Frustrated with Siri’s inability to understand your queries? There is a way to get Apple’s voice assistant to work with it GPT-3 (OpenAI’s deep learning language model used in the AI chatbot chat) to become more conversational and smarter.
Developer Mate Marshalko has used Siri’s voice, Apple’s Shortcuts app, GPT-3 intelligence, and a bit of hacking to create a surprisingly smart home assistant that can respond to rather tricky queries.
In a video posted on reddit (via the edge), we can see Marshalko issuing increasingly complex (and not direct) orders to his assistant. In one example, Marshallko says “Yesterday it took me a while to fall asleep. Do you have any suggestions to help me sleep better?” So, the assistant responds by suggesting a warm bath, reading a book, and avoiding caffeine. In another example, Marshalko says, “Notice I’m recording this video in the dark, in the office. Can you do something about that,” and the assistant quickly turns on the light.
Compared to Siri, Alexa, and Google Assistant, this home assistant seems to understand complex queries better, but also responds in a manner much like talking to a real person.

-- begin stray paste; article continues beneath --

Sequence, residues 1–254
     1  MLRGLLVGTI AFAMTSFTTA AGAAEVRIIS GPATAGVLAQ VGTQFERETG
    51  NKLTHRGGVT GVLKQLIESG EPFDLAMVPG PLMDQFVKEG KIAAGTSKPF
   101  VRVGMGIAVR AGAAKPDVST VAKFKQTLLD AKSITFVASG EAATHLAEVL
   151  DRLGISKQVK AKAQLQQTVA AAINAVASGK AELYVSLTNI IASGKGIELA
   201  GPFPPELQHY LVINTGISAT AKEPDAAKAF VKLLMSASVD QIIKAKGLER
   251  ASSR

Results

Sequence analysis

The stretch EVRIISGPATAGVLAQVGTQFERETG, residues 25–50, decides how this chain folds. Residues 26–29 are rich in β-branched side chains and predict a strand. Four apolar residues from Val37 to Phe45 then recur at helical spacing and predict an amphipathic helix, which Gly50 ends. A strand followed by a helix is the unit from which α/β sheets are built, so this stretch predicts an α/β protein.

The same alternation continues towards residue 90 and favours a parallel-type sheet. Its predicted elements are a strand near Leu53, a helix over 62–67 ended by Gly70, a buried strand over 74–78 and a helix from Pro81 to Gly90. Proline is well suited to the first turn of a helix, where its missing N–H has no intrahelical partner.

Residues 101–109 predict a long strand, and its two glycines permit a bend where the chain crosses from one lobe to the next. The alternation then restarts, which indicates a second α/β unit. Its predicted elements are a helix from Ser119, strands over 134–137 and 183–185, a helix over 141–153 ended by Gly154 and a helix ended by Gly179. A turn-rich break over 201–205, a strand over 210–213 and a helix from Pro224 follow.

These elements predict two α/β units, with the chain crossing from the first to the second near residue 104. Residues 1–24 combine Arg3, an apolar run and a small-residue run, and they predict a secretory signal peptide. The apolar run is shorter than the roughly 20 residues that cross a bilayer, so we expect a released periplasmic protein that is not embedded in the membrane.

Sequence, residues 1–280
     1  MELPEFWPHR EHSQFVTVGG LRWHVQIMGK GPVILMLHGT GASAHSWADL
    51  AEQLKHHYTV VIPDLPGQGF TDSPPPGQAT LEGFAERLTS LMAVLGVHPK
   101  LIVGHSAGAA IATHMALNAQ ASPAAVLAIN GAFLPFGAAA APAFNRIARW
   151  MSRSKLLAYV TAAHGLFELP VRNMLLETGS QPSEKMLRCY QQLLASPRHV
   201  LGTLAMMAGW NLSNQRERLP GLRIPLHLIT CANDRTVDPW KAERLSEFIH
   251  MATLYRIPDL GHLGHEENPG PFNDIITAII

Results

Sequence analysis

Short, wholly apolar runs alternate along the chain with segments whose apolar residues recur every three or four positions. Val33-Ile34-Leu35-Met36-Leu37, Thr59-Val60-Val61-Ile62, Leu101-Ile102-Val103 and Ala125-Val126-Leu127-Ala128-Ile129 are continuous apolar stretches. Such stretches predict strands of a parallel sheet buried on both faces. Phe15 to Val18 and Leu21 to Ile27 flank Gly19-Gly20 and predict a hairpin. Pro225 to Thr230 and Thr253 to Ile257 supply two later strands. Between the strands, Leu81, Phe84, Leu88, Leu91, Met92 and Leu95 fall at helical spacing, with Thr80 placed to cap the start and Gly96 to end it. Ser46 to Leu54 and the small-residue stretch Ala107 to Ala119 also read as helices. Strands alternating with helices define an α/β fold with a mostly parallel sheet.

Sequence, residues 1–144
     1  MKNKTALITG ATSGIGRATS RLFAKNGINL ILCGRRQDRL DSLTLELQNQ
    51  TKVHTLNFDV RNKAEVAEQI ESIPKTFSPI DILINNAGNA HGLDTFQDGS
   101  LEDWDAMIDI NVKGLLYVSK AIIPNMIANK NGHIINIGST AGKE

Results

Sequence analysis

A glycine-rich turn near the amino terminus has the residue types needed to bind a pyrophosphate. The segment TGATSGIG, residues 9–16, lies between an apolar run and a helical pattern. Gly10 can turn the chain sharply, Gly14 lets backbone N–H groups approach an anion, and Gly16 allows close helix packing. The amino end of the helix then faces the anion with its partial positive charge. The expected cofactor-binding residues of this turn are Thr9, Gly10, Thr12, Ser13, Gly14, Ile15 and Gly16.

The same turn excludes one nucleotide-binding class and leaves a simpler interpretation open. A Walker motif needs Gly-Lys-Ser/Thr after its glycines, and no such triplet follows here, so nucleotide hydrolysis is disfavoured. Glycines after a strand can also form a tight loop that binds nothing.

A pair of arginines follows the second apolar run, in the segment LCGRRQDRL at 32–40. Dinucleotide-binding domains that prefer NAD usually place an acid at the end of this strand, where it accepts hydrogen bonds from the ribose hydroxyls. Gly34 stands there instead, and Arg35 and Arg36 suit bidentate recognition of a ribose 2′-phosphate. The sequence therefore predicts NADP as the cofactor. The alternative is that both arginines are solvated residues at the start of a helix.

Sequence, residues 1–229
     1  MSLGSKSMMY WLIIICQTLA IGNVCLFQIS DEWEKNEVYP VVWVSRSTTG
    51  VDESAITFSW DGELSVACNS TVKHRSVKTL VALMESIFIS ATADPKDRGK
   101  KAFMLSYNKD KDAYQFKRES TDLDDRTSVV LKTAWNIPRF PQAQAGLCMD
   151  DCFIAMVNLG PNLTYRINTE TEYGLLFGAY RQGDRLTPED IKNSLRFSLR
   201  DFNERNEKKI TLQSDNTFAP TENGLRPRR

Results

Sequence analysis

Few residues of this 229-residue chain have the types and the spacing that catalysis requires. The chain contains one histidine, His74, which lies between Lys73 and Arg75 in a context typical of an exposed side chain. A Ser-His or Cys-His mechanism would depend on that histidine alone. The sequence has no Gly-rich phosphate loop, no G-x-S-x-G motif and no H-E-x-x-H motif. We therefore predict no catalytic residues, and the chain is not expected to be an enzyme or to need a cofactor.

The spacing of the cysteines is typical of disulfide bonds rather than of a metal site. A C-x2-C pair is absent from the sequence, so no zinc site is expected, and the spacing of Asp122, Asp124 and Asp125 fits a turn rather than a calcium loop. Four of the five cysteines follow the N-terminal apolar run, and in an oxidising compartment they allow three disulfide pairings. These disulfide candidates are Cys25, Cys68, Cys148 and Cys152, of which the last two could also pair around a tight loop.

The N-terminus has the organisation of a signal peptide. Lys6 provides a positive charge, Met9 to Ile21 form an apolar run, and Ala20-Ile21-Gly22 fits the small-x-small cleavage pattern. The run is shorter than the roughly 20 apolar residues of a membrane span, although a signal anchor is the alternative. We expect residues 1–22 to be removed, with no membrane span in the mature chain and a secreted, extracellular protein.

Marshallko says building this smart home assistant was a fairly simple task. “I was able to achieve all of this by simply asking GPT-3 in my post pretending to be my home assistant, listing items in my home, and a few other details about time and location, and then asking her to respond in a structured, structured data format (JSON) which I could then use To trigger HomeKit control messages in a series of if…other statements in a single Siri Shortcut.
Yes, it’s a bit of work (detailed instructions here), and it does require some basic programming knowledge, but almost anyone can do it in less than an hour (according to Marshalko).
While this demo seemingly puts Apple’s Siri to shame, things aren’t quite so simple. API requests to GPT-3 cost about $0.014 per request, so unlike Siri, this smart home assistant isn’t free to use. And Siri, like other AI assistants, is designed not to be rude, obscene, or do anything that might be considered harmful; A language paradigm like GPT-3 has some safeguards, but it can certainly respond in unexpected ways. Finally, without testing the bot ourselves, it’s hard to say how often it goes wrong (in Marschalko’s video – modified – it responds perfectly every time).
Still, it’s an incredibly cool experience, which will undoubtedly lead to more homemade Siri clones. We’re excited (and a little scared) to see what can be done with this collection.